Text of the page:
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Iran: October 31, 2002
   
 One thing conservatives and reformers can agree on is the growing drug problem. It is now estimated that there are at least two million addicts among the 63 million Iranians. Some 58 percent of the addicts are 19-34 years old. Nearly all of the drugs come from Afghan poppy fields. The plants are processed into opium (which about 71 percent of Iranian addicts smoke), or further processed into heroin (which 23 percent of Iranian addicts smoke or inject). The number of addicts keeps going up, particularly because of the poor economy (caused by corrupt religious conservatives who control the courts and much wealth seized during the 1979 revolution). If current trends continue, there will be nine million addicts in twenty years. Few expect  it to get that bad, feeling that there will be another revolution long before that. And then there is the problem with Afghan drug gangs, whose smuggling activities have turned the Iran-Afghan border into a war zone.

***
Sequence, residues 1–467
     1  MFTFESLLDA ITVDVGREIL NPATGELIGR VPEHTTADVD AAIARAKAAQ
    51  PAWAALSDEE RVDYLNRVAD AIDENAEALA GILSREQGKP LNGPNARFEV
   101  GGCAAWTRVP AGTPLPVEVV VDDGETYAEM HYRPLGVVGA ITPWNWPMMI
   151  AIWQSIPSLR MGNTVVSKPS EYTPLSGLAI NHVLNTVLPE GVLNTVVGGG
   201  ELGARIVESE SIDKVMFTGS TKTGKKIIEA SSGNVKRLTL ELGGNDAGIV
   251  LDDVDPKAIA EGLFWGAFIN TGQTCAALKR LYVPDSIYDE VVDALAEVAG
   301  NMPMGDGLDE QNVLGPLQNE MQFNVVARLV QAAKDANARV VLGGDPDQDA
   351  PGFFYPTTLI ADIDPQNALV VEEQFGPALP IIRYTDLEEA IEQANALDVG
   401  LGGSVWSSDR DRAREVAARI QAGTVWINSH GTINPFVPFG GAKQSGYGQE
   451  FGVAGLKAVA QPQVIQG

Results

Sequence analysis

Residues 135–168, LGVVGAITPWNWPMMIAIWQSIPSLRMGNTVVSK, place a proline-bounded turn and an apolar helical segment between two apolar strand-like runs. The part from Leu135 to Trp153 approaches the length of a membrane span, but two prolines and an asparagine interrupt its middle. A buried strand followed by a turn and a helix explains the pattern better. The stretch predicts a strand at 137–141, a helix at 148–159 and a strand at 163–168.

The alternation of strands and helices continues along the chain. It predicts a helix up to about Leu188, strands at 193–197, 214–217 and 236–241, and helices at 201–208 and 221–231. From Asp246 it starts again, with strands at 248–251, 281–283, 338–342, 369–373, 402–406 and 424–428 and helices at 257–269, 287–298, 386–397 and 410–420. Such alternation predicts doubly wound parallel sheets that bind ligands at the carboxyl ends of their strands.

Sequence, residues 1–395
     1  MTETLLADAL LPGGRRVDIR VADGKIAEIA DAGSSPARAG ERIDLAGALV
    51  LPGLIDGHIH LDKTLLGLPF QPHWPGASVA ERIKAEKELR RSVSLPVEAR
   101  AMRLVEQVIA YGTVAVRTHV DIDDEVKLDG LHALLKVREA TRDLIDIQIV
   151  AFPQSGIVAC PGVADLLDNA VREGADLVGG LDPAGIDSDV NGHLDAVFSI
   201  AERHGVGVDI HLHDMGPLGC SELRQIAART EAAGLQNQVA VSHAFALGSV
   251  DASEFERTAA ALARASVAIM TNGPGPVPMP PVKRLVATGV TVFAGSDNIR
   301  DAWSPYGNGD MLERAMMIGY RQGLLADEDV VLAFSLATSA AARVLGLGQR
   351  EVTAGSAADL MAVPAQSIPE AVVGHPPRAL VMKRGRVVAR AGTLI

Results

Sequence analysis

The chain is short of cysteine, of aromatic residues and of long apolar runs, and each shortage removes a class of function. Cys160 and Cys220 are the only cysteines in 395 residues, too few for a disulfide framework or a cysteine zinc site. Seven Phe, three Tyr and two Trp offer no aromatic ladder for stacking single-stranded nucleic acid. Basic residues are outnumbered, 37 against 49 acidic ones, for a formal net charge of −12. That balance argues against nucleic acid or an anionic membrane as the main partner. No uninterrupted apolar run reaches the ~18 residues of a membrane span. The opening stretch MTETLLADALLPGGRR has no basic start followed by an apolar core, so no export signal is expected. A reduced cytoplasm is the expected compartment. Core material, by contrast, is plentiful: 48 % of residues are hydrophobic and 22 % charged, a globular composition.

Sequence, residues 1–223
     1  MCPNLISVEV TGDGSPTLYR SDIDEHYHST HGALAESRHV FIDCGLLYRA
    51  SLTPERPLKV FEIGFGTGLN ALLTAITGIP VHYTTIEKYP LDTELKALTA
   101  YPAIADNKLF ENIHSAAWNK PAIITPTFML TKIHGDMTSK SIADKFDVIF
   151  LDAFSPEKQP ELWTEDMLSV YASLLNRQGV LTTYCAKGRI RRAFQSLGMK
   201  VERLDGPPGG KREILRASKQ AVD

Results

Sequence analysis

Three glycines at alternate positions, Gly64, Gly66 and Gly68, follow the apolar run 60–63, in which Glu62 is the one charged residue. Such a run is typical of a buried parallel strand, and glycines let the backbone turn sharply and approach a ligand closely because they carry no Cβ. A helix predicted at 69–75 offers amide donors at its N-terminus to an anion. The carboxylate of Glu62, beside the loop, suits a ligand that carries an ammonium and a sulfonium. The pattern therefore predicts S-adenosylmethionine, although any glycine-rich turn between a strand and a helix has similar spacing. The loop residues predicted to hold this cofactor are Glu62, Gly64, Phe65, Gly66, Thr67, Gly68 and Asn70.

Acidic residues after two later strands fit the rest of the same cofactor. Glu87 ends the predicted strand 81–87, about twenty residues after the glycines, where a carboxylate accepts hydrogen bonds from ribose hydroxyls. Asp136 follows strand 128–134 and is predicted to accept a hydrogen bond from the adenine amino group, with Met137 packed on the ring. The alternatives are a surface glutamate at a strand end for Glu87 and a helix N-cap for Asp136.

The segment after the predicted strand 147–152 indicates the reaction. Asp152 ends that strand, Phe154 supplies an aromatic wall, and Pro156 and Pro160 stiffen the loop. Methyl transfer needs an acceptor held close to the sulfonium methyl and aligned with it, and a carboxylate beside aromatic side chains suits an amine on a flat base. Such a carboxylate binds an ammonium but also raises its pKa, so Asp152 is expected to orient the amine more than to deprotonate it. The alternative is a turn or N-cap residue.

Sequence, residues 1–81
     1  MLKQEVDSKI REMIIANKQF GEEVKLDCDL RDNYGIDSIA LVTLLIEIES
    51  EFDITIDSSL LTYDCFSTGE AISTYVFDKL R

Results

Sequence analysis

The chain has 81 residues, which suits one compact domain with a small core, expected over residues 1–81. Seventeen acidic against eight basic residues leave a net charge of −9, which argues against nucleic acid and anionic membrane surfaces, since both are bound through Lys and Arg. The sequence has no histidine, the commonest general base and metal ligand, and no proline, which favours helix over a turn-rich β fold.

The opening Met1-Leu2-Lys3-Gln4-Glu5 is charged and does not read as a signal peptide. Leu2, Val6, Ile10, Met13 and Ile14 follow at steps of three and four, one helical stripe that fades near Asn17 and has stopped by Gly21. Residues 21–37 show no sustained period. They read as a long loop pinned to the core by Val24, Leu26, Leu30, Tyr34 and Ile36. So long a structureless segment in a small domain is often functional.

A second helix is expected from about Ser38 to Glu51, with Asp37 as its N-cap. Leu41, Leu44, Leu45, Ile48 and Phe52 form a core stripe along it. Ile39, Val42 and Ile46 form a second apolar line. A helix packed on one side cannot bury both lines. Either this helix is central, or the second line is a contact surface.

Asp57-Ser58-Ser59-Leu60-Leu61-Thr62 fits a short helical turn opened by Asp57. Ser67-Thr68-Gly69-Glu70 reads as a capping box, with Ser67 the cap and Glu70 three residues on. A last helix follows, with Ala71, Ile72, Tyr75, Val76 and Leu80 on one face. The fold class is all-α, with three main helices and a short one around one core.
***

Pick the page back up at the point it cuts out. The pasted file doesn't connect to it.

The US Secretary of Defense predicted, in an interview, that the Islamic conservatives in Iran would be overthrown by a popular rebellion in the near future. This alarmed religious conservatives in Iran, who declared that America was planning to attack Iran.